The resistance values yielded by the five measurements (n=5) performed with the LCR-meter from 0 to 100 °C were consistent with the theoretical curve given by the Callendar-Van Dusen equation (Figure 2) according to the standard IEC 751 (A=3.9083×10−3 °C−1 and B=−5.775×10−7 °C−2) [10]. For the theoretical curve, R0 was calculated as the geometrical resistance of the RTD at 0 °C (R0 =2227.4) considering the practical resistivity of platinum evaporated on polyimide, which was previously determined as 8.7×108 · m at 0 °C. The measured data fits the statistical model (second order polynomial) with a coefficient of determination (R-squared) of 0.9997. The sensitivity of the RTD (S), given by the first derivative of the polynomial fit, was around 8.5 · °C−1 at 37 °C, close to the standard sensitivity of 8.6 · °C−1 given by the Callendar-Van Dusen equation also at 37 °C (Sth). The precision, given by the average standard deviation (average of the differences between real and expected values), was ± 4.1 Ω (55 measurement points).

After calibration of the readout system, the digital results yielded by the five measurements (n=5) were converted into temperature values. The tolerance of each measurement point, given by the difference between the practical and reference temperature, was calculated (Figure 3). The average tolerance was ±0.11 °C (149 measurement points). According to the standard IEC 751, the accuracy of the readout system lays between the classes A and B, which correspond to tolerances of ±(0.15+0.002· T) and ±(0.30+0.005· T) °C, respectively. Hysteresis could not be observed.

Figure 3 Accuracy plot given by the tolerance of each measuring point. The accuracy classes A and B given by the standard IEC 751 are presented as shaded regions.
Figure 3

Accuracy plot given by the tolerance of each measuring point. The accuracy classes A and B given by the standard IEC 751 are presented as shaded regions.

The system had a power consumption of 33 mW with display and 20 mW without display. The TLC277 operational amplifier used to set VREF consumed from 1.4 to 3.2 mA, the bridge consumed around 100 µA (50 µA per arm), the INA826 operated at 200 µA, the microcontroller consumed down to 8 µA in run mode and the display consumed an average of 500 µA per segment.

4 Discussion and conclusion

The fabricated RTD had a sensitivity close to the standard sensitivity given by the Callendar-Van Dusen equation. The offset between the theoretical and characteristic curve (Figure 2) is explained by the mismatch between the real and geometrical resistance of the platinum meander (2310.7 and 2227.4 Ω, respectively) due to fabrication tolerances.

The average standard deviation (4.1 Ω) was affected, not only by the behavior of the RTD itself, but also by the imprecision of the calibration setup. Since the working space was at room temperature (temperature gradient between air, water and hotplate) and the used hotplate had no feedback mechanism, the temperature had to be abruptly changed in order to provoke the desired temperature increase or decrease in due time. A ramp temperature profile was difficult to achieve and, consequently, the water temperature was barely stable throughout the measurements.

The average temperature error introduced by the readout system (±0.11 °C) laid in the accuracy class A (Figure 3). For comparison, the LM35 series of temperature sensors from Texas Instruments (Dallas, Texas, United States) ensures an accuracy of ±0.5 °C at 25 °C (class B). The calculation of the error relied on the values given by the reference thermometer, whose precision was also affected by the imprecision of the calibration setup, leading to a decrease in accuracy. Moreover, a temperature range from only 31 to 41 °C was considered, for which the relative impact was more notorious due to the smaller temperature step between measurements.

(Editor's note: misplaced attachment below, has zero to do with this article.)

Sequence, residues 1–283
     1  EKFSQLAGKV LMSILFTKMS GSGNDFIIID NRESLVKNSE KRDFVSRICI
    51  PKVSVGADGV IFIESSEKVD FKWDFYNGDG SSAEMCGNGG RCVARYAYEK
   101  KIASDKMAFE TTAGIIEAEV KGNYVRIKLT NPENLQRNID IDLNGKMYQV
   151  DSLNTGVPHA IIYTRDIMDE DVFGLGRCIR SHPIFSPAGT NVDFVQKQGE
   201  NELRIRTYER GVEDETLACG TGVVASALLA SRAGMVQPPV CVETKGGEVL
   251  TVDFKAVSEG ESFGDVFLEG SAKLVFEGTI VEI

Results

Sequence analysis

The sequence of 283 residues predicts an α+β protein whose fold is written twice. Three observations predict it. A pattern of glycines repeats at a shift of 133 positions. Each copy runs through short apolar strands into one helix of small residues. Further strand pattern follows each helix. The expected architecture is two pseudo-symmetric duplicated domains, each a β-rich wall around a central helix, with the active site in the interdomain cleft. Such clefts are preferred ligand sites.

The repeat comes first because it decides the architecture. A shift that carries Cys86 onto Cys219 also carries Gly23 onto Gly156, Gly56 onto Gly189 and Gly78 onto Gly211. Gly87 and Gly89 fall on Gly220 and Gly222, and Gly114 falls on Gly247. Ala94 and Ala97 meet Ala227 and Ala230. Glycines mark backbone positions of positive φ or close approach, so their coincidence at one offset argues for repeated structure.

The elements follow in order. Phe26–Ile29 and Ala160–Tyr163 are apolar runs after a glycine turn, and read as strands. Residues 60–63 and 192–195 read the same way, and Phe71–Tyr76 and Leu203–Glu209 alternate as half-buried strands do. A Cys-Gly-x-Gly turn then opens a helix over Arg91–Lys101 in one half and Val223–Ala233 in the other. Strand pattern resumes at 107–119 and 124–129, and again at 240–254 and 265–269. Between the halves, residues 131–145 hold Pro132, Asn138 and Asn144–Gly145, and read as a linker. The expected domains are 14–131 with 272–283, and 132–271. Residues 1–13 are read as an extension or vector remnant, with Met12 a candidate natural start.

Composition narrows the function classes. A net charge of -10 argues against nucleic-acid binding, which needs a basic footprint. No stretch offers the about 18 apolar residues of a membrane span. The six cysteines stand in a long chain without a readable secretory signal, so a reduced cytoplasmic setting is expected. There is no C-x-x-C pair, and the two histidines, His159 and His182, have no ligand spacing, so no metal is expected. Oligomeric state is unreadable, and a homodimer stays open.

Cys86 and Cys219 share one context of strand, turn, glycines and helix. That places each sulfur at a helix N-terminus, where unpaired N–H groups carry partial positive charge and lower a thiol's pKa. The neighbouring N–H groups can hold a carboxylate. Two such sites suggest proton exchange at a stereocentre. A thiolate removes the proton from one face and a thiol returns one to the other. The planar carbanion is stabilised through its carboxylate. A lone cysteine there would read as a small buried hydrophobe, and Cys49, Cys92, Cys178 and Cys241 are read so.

Although minimum power consumption was not taken as primary concern while developing the readout system (total power consumption of 33 mW), all the elements constituting the system offered low power demands, with the exception of the TLC277 operational amplifier, which could be eventually replaced by a low power version such as the LT1097.

In order to improve the readout system calibration, the ramp temperature profile should be replaced by a step profile, which would ensure a stable temperature for each measurement. Such a profile could be achieved by placing the setup inside an oven or, more roughly, by using a hotplate with feedback mechanism. By these means, the real accuracy of the developed measuring system could be determined, which is believed to be higher than ±0.11 °C.

In conclusion, a robust temperature measuring system to monitor tissue temperature was developed. Temperature raises due to electrical and optogenetical stimulation (up to 10 °C) [11] or vasodilatation and increased metabolism (2 to 3 °C) [12] could be accurately detected.


Research supported by the German Federal Ministry of Education and Research (BMBF grant 01GQ0830) and by BrainLinks-BrainTools, Cluster of Excellence (DFG, grant no. EXC1086).

Author's Statement

  1. Conflict of interest: Authors state no conflict of interest. Material and Methods: Informed consent: Informed consent has been obtained from all individuals included in this study. Ethical approval: The research related to human use has been complied with all the relevant national regulations, institutional policies and in accordance the tenets of the Helsinki Declaration, and has been approved by the authors’ institutional review board or equivalent committee.


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Published Online: 2015-9-12
Published in Print: 2015-9-1

© 2015 by Walter de Gruyter GmbH, Berlin/Boston

This article is distributed under the terms of the Creative Commons Attribution Non-Commercial License, which permits unrestricted non-commercial use, distribution, and reproduction in any medium, provided the original work is properly cited.